Rey is a scavenger on Jakku, a desert world we can assume is in the Outer Rim. (I don't recall it being mentioned but I'll have to read the novelization to see!) She's on her own and has been since she was a child and dropped on the planet. She has little memory of her family but she firmly believes that they will come back for her. She rescues BB-8 from another scavenger and he follows her knowing that she is a good person and will be able to help him complete his mission. This doesn't start her journey but it's a good indicator that something is going to happen. She meets Finn and this begins her journey.
Some of the things happen out of order from the traditional hero's journey, so here's what's what. Usually during what's called "The Separation" there's the call, the refusal, and meeting the mentor. In the case of Star Wars, it doesn't work that way.
Luke meets Obi-wan/Ben first, then gets the call from Ben.
The refusal of the call...
Luke refuses, at first, to go with Ben on some damn fool adventure. Ben chides him saying that was his uncle talking and indeed Uncle Owen didn't want Luke to leave.
Rey, on the other hand, doesn't meet her mentor in the Force, unless you count General Leia and Han Solo, then you could say she meets her mentors after then call but as she's so strong in the Force... I have trouble seeing that. She gets the call to adventure from Finn, then Han and then Leia. (Wait, Leia? You've seen the movie? Yeah... think about it.)
Rey's refusal is repeated over and over as she says she has to get back to Jakku to wait for her family through most of the first third of the movie.
Crossing the threshold...
Luke crosses the threshold when they discover the Jawas that sold the droids to his uncle have been slaughtered and he returns home to find both his aunt and uncle had been murdered. Here, he now realizes that he has nothing left on Tatooine and leaving is now the only option. He accepts his call to adventure.
Rey's repetitive "I have to get back to Jakku" tells us that she doesn't fully accept her call. She runs from her future when it's laid out before her in the treasure room at Maz's and she's captured by Kylo Ren. This, I believe, is where she crosses her threshold since it's not as clearly defined as Luke's threshold.
Tests, Allies, and Enemies...
Luke's enemies are pretty clear cut as are Rey's. The Empire and the New Order, respectively, Darth Vader and Kylo Ren. But, as Luke and Vader, there seems to be more of a connection to Rey and Kylo. (If Abrams is as much of a fanboy as he claims he is he will have undoubtedly read the EU that has been lovingly crafted over the years and Rey will be Kylo's twin sister, which makes sense right? She's a strong light side to his dark side Jania and Jacen Solo in the EU. But that's my opinion.)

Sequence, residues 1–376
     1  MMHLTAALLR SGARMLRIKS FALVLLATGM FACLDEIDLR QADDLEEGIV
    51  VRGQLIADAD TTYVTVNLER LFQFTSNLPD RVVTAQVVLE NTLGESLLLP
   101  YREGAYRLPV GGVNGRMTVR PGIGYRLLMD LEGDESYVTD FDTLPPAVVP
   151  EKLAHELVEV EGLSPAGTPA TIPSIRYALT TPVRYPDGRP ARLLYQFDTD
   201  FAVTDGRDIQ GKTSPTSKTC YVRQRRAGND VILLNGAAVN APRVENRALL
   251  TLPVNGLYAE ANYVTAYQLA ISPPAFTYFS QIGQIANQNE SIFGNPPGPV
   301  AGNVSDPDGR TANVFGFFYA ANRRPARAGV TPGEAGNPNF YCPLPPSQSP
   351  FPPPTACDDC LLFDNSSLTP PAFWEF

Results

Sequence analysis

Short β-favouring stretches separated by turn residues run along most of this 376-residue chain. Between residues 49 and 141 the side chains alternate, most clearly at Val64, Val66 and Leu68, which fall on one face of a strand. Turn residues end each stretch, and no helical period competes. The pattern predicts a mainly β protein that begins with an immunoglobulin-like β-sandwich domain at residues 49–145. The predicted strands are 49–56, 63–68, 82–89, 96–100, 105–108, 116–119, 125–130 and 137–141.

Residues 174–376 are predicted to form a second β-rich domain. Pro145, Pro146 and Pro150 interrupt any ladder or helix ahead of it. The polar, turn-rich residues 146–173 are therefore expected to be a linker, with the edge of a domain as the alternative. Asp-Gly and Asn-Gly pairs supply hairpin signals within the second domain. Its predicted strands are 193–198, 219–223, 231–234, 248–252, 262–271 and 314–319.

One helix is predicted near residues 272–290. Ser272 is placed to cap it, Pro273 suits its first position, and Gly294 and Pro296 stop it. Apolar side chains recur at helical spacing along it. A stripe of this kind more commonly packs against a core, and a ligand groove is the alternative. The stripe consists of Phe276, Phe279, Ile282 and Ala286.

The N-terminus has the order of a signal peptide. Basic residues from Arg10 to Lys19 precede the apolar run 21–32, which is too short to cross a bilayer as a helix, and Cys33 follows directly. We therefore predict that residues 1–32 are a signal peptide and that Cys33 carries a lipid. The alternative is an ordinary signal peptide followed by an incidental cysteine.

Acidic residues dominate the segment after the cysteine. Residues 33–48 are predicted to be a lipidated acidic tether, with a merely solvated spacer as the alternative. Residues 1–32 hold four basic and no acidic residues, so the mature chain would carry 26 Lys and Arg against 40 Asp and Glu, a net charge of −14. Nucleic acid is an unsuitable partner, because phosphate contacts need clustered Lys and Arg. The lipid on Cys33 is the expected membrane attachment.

The Inner Most Cave & The Ordeal
This is where I rely on Stuart Voytilla's book for ANH because at this point in viewing the film I become so engrossed I lose all track of what I'm supposed to be doing!
Voytilla says that this is where Obi-wan separates himself from the group. I don't necessarily agree but this is where the group moves into the Death Star to rescue Leia and escape to get her and R2 back to the Rebellion. They do get them back, Han leaves with his reward but not before Luke has his say. The Rebellion goes on to attack the Death Star.
For TFA this is also a bit ... different. There isn't a clearly defined moment. You could argue that it begins with the battle at Maz's and continues with the rescue of Rey (insert a sad moment that in Ep VIII may not be all that sad) and the destruction of the planet killer. The battle here between Finn and Kylo is so extraordinary. (When Kylo felt an awakening in the Force I don't think he necessarily meant Rey. I think he meant Finn. I think that's why Finn's "programming" didn't hold when he saw what was happening at the village in the beginning.) According to EU, not many can wield a lightsaber with such efficiency.
Kylo unknowingly taught Rey her own strength in the Force while holding her prisoner. She already knew of the Jedi lore and accepted it after Han told her that everything about the Jedi she'd heard was true.
For Luke it's an obvious moment, he and Han are awarded medals by Princess Leia.
For Rey, it's taking the Falcon out, which she and Chewie now pilot together, to find Luke. Here is where she finds her mentor.
After examining the journeys of our heroes... how can anyone say that TFA ripped off ANH? Some elements were mere homages to the original but nothing like it at all. I loved Episode VII and I can't wait for Episode VIII. I just hope we don't do away with the EU all together! I want to see Mara Jade Skywalker the former Emperor's Hand turned Jedi Master.
This post was also a product of my daughter studying the Hero's Journey in her Pre-AP English class in school. Thank you to her teacher for allowing her to use Star Wars: A New Hope.
College graduate, Army vet, single mom, Husky mom, Movie lover, writer